The build-up to the London Olympics is well underway. On June 9th the reigning 800-meter world record holder David Rudisha of Kenya will make his U.S. debut at the Adidas Grand Prix in New York City, the sixth stop on the 2012 Samsung Diamond League tour. During a media teleconference this morning, Rudisha spoke about his dual goals in 2012 of winning the London Olympics and attempting to break his own world record of 1:41.01, set in Rieti, Italy in 2010.
“To run 1:40 is possible,” said the reigning World Champion. “I am planning still to do that because I think I can still go under 1:41, but it’s tough. Any world record is very hard to break it, even if it is your own world record. You need to do some good planning also on how to do it. I am looking forward to that but my plan is the world record will be after the Olympics. I’m keeping my focus, my main concentration to the Olympics, which is the only main title I’m still lacking in my career. I don’t want to take any time or do anything else before I finish that task.”
Interesting how the idea of winning the Olympic title and running a world record have long since been separated into two distinct categories, as if the two were different disciplines altogether. And in many ways they are. But has something been lost in the process? Has the long-time emphasis on running world record times with pacers become so prevalent that the focus on competition between and among carbon-based life forms been diminished along the way? And since that change in focus, has the sport lost some of its appeal to a broader audience when racing was the thing, and the world record was merely the cherry atop the cake of victory?
As you look at the 800 meter world record progression chart, you will find that three world records have been set and one equaled at the Olympic Games. The IAAF first recognized the 800-meter world record in 1912, the year America’s Ted Meredith won the Stockholm Olympic 800 in a world record 1:51.9. Twenty years later, Britain’s Tommy Hampson ran a world-record 1:49.7 to capture the Los Angeles Olympic title. And thirty-six years following, Australia’s Ralph Doubell equaled the world record, 1:44.40, to snatch gold in Mexico City 1968.
Throughout much of the 20th century there remained a connection between winning and setting a world record, which the normal order of importance. But the last non-paced 800-meter world record was set in Montreal, Canada in 1976 by Cuba’s great double Olympic champion Alberto Juantorena (he also won the 400m). El Caballo (“The Horse”) galloped to a 1:43.50 in the Montreal Olympic final, a record which he bested the following year in Sofia, Bulgaria (1:43.44). Two years later Sebastian Coe arrived, and there have only been two further record holders since, Kenyan-born Dane Wilson Kipketer and now David Rudisha.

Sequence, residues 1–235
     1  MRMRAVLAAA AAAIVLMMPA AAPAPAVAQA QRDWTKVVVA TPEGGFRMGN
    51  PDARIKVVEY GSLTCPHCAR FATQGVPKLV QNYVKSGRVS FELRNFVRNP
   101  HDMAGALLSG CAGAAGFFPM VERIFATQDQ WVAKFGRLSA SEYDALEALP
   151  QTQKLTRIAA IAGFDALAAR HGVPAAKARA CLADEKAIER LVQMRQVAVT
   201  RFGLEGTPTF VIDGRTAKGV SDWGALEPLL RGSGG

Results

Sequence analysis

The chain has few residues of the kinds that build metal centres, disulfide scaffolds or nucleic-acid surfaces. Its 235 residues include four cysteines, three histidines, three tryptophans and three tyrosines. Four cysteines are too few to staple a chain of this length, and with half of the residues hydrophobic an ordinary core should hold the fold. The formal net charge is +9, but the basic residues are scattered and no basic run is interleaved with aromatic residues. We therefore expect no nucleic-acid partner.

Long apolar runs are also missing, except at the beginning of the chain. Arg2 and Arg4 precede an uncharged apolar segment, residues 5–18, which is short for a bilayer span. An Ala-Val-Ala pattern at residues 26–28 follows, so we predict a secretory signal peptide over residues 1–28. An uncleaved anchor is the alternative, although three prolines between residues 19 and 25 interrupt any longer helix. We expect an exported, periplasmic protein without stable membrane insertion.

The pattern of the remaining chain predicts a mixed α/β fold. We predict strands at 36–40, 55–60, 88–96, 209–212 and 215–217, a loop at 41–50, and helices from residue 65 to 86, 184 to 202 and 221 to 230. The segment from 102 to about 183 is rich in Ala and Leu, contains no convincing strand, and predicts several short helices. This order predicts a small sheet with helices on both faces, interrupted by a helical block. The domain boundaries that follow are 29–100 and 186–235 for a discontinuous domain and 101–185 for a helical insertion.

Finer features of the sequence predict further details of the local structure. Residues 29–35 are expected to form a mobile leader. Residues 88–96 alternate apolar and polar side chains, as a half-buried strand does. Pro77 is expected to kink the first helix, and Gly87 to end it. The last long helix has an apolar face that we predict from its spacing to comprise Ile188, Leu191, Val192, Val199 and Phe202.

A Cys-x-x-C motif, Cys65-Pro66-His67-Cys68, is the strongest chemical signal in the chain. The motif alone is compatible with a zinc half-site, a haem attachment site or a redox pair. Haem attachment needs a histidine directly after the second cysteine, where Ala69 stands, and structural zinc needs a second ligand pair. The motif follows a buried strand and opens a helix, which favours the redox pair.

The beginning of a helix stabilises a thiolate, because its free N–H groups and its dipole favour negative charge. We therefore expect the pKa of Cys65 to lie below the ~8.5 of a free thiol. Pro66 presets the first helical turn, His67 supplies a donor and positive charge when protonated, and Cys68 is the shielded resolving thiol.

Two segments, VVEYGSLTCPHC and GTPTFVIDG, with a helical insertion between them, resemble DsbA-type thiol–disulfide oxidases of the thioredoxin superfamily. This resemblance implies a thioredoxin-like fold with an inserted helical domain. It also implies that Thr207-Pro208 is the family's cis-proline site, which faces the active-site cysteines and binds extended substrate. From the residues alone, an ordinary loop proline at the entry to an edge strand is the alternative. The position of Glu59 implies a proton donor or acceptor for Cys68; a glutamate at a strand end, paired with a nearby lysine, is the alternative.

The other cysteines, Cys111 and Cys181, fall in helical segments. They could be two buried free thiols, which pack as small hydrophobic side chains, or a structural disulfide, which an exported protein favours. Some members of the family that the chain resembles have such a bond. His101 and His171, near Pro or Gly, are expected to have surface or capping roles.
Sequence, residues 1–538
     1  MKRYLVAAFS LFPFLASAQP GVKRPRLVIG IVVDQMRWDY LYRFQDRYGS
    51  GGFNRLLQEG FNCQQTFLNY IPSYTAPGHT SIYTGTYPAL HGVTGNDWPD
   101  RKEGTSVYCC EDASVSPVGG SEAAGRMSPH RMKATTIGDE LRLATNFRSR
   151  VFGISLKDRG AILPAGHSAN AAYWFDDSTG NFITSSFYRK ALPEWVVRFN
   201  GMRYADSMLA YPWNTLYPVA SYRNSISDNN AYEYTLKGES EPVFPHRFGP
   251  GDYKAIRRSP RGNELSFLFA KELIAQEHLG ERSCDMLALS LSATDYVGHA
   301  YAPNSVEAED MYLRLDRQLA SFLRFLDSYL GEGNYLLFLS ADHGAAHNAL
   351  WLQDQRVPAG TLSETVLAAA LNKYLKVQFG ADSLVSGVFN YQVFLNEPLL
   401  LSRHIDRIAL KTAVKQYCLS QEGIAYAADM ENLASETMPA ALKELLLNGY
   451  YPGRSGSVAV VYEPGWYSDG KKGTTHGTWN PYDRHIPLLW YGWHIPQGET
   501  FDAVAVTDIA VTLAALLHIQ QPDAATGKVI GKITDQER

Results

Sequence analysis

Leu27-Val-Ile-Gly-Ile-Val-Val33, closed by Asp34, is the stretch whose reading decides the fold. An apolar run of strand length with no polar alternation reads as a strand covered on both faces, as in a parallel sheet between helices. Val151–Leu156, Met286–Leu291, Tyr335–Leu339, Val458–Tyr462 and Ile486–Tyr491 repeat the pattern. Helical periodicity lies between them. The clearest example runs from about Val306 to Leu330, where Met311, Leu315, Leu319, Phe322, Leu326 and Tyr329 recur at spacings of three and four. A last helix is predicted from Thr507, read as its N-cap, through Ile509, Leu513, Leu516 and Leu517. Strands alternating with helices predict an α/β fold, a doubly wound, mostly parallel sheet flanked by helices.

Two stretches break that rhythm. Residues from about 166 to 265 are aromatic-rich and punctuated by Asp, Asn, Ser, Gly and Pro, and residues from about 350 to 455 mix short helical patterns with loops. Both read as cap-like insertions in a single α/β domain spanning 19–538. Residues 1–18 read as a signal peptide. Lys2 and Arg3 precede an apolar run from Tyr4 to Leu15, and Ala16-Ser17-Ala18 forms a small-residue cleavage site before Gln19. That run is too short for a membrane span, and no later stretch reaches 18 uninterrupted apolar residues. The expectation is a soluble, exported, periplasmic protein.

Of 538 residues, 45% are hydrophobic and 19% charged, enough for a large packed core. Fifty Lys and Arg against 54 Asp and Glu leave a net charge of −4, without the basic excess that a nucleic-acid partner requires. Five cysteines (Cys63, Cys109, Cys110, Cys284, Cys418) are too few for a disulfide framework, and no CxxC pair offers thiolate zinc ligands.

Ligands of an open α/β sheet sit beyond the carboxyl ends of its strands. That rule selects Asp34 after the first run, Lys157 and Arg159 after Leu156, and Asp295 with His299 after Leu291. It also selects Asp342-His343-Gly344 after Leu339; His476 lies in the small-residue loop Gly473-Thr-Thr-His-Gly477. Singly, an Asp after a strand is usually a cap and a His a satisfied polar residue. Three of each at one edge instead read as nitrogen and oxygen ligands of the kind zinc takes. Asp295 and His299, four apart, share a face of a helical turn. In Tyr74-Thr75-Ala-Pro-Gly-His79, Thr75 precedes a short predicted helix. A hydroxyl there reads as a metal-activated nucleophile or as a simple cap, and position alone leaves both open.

With the emphasis on paced record attempts – Rudisha even has his own personal pacer in Sammy Tangui – the records are so strong that it now seems beyond reason for a purely competitive effort to lead to a new mark. The entire approach to racing versus time-trialing is different. Some might say it is one of the problems with how athletics (track & field) is organized and presented.
“The way I trained in 2010,” explained Rudisha, “it was a different training because that year I was focusing for the world record, focusing for the fast races. The way I trained that year was a little bit different to 2011, which was tactical training because of the World Championships in Daegu last year. This year I’m trying to mix the 2010 training with 2011 to see if I can get it for the Olympics. Then after the Olympics I’ll have that good training for the world record. That is what we are trying to do. … I’m trying to build and mix everything to be in position.”
The longest standing 800-meter record belongs to England’s Sebastian Coe whose 1:41.73 in Florence, Italy in June 1981 lasted till tied by Wilson Kipketer in Stockholm in July 1997. Germany’s Rudolf Harbig ran a world-record 1:46.6 in Rieti, Italy (on a 500 meter track) in July 1939. That mark held until Belgian Roger Moens ran 1:45.7 in Oslo, Norway in August 1955. Harbig’s time lasted just two weeks less than Coe’s mark. Dane Kipketer’s 1:41.11 from Cologne, Germany in August 1997 stood for 13 years until Rudisha came along to break the mark twice in 2010, ending with the current standard of 1:41.01.
Even as he approaches his American debut, the focus is on time, though not a world record. After a 1:43.1 season opener at the Doha, Qatar Diamond League stop, Rudisha said that 1:42 in New York would be a good progression toward London. The fastest 800 ever run on U.S. soil is 1:42.58, set by Vebjorn Rodal of Norway, interestingly, at the 1996 Olympic Games in Atlanta.